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Conditions We Treat

Spine and Scoliosis Center at Nemours Children’s Hospital, Delaware

1600 Rockland Road, Wilmington, DE 19803 | Get Map & Directions »

Dancer Rachel is back to soaring through the air six months after spinal fusion surgery

Avid dancer Rachel is back to soaring through the air six months after her spinal fusion surgery for idiopathic scoliosis.* (Photo by Keith Johnson)

Spinal deformities can have a major effect on kids' ribs, chest wall and trunk, and their ability to breathe, walk or just be "normal." That's why we want to help children feel and be their best — whatever kind of spinal deformity they face.* As experts in spine care, we specialize in the diagnosis, treatment and rehabilitation of pediatric spinal deformities.


Scoliosis in Children

One of the main conditions we treat is scoliosis, which causes the spine to curve from side to side, like an "S" or a "C."

All of us have a little curvature in our spines. We need a certain amount so we can balance, move and walk. But three out of 100 people have scoliosis, and the condition can be so mild that it doesn't affect a child’s life and requires no medical treatment.

However, a curved spine can be visible, causing the body to tilt to the left or right, and it may make kids feel uncomfortable (physically and emotionally). If a curve is severe, it can even affect breathing and heart function, and lead to damage in the joints of the spine and pain during adulthood. So sometimes, kids with scoliosis may need to wear a back brace or have surgery to correct the problem.

The types of scoliosis we treat include:
  • Adolescent idiopathic scoliosis: “Idiopathic” just means the cause of the condition is unknown, but it is most likely genetic.
  • Congenital scoliosis: When a child is born with abnormally shaped vertebral bones that occurred in the mother’s womb during the baby’s development. As the baby grows, a curve may develop.
  • Early onset scoliosis: Diagnosed in children less than 9 years old, even in infants (also sometimes called "infantile scoliosis" or "juvenile scoliosis"). Watch Video About Early Onset Scoliosis Created by Growing Spine Foundation »
  • Neuromuscular scoliosis: Often happens in children with conditions like cerebral palsy, spina bifida and muscular dystrophy, when the spine curves because weak muscles can’t support the spine bones.
  • Syndromic scoliosis: When the condition is part of a syndrome like Marfan, neurofibromatosis, Prader-Willi, Friedreich’s ataxia, etc.

What's It Like to Have Scoliosis?

Two teens, who were patients at Nemours, share their stories in this video from Nemours KidsHealth, the No. 1 most-visited children's health website.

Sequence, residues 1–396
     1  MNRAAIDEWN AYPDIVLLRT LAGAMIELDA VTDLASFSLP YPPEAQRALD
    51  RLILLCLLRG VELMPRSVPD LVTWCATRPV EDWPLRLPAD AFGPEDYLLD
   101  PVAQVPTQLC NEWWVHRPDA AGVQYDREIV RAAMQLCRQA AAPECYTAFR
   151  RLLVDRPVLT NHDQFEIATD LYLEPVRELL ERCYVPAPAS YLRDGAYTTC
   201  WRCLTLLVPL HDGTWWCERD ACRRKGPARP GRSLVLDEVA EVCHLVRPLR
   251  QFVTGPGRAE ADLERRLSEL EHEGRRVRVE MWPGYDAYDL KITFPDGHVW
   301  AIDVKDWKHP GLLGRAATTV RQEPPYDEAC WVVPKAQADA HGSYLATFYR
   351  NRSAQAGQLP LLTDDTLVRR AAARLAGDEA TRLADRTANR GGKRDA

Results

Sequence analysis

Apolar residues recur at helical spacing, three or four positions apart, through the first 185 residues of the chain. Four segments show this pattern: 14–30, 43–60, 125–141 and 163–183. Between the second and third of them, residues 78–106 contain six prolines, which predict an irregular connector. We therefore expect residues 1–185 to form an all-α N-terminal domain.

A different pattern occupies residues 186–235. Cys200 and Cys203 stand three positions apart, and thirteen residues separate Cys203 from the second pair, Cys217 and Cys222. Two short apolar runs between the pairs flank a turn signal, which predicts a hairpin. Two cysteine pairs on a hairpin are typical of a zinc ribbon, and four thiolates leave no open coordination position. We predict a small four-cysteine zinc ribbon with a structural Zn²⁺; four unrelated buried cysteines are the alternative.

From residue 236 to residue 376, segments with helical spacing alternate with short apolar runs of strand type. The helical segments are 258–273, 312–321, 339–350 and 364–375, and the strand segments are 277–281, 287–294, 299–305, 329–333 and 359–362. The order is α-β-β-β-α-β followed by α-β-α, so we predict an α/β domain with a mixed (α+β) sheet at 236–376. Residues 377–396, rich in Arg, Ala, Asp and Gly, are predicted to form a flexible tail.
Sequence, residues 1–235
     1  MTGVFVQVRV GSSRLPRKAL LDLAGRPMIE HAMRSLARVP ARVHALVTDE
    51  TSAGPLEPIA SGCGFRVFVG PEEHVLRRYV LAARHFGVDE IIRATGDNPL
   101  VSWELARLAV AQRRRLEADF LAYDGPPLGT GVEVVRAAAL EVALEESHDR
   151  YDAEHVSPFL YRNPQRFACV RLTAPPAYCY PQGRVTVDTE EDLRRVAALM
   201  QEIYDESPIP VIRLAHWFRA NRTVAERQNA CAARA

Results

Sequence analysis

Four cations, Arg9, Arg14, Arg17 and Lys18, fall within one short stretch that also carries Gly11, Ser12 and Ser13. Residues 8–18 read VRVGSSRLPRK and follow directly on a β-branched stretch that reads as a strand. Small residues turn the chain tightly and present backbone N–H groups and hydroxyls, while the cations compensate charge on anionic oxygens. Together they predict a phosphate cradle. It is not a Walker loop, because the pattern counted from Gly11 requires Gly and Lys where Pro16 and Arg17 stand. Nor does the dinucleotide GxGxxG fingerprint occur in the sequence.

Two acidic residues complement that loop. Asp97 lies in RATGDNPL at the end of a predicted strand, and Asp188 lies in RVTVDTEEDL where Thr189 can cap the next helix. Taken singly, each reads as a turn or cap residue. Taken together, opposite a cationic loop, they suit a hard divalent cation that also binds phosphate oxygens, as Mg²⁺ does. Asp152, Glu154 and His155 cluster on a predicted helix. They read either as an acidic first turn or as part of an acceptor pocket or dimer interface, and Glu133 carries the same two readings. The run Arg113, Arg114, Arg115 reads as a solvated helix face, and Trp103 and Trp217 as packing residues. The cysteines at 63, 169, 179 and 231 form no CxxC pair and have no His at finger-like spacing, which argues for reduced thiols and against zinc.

Scoliosis Guide

Learn More About Scoliosis in Children

Other Conditions

Additional Conditions We Treat

Kyphosis and other spinal conditions are treated at the Spine & Scoliosis Center
  • Kyphosis: An abnormal rounding of the spine in the upper and middle part of the back that can (though rarely) cause a “hunchback”-like appearance (which is why it’s also sometimes called, “roundback” or “hunchback”). Types of kyphosis include:
    • Congenital kyphosis: When the spinal column develops abnormally before a baby is born; several of the vertebrae might be fused together or the bones might not have formed the right way.
    • Postural kyphosis: The most common type, which happens when bones and muscles don’t develop correctly.
    • Scheuermann’s kyphosis (pronounced "shoo-er-man's): When the vertebrae looks wedge-shaped, rather than rectangular, when viewed from the side on X-rays.
  • Spondylolisthesis: When one of the lower spinal bones slips forward in relation to another.
  • Skeletal dysplasia: A group of conditions characterized by abnormalities in the growth, development, shape or integrity of the bones and cartilage (the most common feature is dwarfism).

Learn More About Our World-Renowned Skeletal Dysplasia Care »

* Each child’s surgery is different, and some patients may not be able to perform complex movements or participate in all sporting activities after their procedure. Discuss with your doctor what activities may or may not be permitted after your individual procedure. by Nemours - the most-visted children's health website in the world

KidsHealth, No. 1 most-visited children's health website, provides in-depth information about your child's condition, diagnosis, and treatment.


Information for:
Parents | Teens | Kids
Teachers (Factsheet)

Q&A for Teens:
Can Scoliosis Affect My Height?


Information for:
Parents | Teens


Information for:
Parents | Teens | Kids

X-Ray Exams

Information for:
Parents | Kids